Having fewer pension plans is a great idea - but will it work?
Published 24/04/2016 | 02:30
On the face of it, reducing the number of pension plans out there is a great idea. The head of the regulatory body - the Pensions Authority - has said there are too many schemes.
According to the CEO of the authority, Brendan Kennedy, there are 150,000 defined contribution plans. He wants the overall number reduced to around 100 - a move that he feels will put pressure on pension providers and asset managers to reduce their fees.
And there is no doubt that fees are a big issue. A report in 2012, commissioned by the Department of Social Protection and the Pensions Authority, warned that fees in the pension industry were often too high.
It revealed that the average annual charge of 2.18pc could diminish a final pension pot by as much as a third.
Mr Kennedy said the country's €90bn corporate pension system needs to be overhauled to make it more "member-centred and more efficient".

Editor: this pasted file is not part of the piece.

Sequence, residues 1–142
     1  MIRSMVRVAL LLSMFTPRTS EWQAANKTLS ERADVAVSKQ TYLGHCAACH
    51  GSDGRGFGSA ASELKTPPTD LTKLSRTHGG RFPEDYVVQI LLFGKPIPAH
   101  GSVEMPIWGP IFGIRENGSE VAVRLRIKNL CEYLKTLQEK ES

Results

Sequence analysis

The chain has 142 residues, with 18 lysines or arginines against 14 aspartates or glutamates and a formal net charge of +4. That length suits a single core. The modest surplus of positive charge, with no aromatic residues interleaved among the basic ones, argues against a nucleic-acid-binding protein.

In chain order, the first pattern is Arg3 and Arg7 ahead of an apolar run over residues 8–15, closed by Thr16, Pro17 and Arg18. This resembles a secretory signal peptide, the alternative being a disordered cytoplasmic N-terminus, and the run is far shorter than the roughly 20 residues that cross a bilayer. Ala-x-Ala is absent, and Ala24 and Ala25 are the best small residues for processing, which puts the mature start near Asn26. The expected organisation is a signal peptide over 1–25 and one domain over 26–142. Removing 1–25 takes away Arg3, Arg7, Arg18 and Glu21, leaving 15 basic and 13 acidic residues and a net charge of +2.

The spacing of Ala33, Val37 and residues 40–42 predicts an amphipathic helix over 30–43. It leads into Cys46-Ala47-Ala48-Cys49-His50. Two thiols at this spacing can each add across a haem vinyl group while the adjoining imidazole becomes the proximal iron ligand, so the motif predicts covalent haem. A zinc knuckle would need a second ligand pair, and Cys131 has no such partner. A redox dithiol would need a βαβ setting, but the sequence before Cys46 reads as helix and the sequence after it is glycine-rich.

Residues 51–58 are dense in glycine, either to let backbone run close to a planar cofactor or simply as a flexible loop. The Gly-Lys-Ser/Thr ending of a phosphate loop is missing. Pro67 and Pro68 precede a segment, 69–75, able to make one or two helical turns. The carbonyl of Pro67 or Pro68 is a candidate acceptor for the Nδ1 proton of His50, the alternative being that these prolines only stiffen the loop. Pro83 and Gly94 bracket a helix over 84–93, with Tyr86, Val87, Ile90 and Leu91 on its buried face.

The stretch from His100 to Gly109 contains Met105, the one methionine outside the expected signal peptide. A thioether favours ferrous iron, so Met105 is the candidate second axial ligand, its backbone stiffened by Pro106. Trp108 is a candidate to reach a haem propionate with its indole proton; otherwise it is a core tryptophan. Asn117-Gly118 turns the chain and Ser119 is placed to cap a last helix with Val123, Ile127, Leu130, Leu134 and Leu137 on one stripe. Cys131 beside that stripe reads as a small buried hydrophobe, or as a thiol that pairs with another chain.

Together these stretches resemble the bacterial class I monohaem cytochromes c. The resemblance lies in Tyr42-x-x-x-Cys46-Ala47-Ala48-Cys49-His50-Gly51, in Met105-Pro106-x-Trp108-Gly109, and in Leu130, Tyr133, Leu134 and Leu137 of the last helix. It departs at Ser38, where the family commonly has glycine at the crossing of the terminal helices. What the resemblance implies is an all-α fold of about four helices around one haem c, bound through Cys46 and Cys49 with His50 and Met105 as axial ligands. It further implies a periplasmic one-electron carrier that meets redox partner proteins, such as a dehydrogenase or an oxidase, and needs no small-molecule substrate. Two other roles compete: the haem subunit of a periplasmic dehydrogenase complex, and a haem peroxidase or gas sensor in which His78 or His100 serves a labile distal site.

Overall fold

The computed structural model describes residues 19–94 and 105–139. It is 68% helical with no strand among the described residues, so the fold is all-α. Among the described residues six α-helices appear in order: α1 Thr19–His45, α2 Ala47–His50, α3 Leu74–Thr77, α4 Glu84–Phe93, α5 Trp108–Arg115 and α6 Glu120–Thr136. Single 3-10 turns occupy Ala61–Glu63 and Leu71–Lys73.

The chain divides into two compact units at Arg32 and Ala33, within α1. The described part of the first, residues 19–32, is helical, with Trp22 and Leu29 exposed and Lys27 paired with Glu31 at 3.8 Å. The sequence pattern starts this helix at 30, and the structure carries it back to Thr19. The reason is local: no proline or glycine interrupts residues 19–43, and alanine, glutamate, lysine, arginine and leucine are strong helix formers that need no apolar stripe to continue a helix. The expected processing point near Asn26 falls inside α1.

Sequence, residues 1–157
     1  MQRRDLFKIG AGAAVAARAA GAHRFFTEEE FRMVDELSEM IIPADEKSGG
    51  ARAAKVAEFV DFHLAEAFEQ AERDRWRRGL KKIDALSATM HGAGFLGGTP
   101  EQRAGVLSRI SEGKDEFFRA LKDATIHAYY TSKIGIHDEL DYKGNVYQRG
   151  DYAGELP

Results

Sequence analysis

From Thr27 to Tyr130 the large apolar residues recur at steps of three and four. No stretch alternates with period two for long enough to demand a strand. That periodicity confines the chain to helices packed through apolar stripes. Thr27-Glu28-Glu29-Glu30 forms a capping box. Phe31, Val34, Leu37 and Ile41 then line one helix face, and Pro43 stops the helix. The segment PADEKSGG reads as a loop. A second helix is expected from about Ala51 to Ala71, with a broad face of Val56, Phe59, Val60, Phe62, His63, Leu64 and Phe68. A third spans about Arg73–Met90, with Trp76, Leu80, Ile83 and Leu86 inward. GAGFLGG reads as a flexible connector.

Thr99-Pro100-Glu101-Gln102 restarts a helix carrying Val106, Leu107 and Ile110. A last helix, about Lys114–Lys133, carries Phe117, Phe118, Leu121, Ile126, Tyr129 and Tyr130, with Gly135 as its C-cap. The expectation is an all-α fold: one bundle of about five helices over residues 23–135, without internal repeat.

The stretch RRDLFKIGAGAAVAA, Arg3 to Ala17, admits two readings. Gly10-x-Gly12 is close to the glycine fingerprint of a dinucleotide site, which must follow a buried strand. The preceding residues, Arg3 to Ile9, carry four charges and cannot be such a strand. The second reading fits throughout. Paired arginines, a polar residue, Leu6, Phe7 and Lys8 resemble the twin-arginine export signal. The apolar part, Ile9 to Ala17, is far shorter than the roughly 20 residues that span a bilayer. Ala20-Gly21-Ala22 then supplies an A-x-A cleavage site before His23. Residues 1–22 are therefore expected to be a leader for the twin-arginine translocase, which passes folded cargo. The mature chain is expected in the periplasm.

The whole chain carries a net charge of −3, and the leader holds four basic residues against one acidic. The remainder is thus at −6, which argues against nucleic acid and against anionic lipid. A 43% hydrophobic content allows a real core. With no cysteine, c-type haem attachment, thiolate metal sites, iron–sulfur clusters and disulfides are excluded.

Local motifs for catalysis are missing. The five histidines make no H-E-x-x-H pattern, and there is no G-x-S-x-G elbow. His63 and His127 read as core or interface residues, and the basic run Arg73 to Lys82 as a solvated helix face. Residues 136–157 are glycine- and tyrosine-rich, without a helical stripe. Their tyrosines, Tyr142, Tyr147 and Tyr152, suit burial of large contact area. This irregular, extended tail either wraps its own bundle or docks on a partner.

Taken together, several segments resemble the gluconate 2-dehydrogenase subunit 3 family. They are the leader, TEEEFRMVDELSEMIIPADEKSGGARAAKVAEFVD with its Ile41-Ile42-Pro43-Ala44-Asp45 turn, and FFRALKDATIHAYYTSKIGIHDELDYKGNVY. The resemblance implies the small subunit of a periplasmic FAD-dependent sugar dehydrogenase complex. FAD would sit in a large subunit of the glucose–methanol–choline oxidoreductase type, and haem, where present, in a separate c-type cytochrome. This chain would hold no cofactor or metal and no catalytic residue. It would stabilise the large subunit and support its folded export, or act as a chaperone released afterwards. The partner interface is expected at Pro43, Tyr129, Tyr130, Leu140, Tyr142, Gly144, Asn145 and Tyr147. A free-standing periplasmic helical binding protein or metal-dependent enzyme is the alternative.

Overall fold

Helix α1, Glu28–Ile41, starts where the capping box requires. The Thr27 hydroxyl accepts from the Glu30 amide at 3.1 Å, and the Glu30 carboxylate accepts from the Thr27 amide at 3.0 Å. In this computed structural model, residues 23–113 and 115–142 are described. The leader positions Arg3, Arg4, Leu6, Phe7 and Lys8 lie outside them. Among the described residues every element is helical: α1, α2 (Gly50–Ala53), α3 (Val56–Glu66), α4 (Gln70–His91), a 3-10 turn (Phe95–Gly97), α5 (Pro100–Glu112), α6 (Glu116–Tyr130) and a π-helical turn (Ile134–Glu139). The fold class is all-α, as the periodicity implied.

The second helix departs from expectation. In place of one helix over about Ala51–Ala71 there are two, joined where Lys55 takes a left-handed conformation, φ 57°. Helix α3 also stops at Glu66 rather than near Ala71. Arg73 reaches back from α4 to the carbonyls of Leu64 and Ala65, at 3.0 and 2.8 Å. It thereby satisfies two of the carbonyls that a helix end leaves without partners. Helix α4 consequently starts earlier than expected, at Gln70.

Pooling pension schemes into larger plans would result in "higher standards of governance, savings for members and enable us to carry out more detailed oversight of the pension schemes," he added.
So what is not to like about this plan? Surely, fewer plans would mean lower fees for members, better returns and bigger pensions?
Mr Kennedy's proposals to reduce the number of pension schemes will form part of a series of reforms to be put to the government towards the end of this year.
The regulator plans to hold a public consultation on its proposals around the middle of this year.
But the problem is that many of the 150,000 defined contribution schemes out there have just one member.
Company owners have in the past been setting up defined contribution schemes instead of PRSAs (personal retirement savings accounts) because they could get relief from universal social contributions (USC) from a DC scheme, but not from a PRSA.
That situation has since been rectified, but helps explain why there are so many DC schemes.
Jerry Moriarty of the Irish Association of Pension Funds, which represents trustees, said a smaller number of large schemes was attractive in theory, but questioned how it would work in practice.
He worries that scheme members would not be so well represented by trustees if they were part of huge schemes. Remember that the same Pensions Authority has also proposed that it would be mandatory to have a professional pension qualification to act as a trustee in defined contribution schemes, a move that would remove most worker trustees from oversight of their schemes.
Sunday Indo Business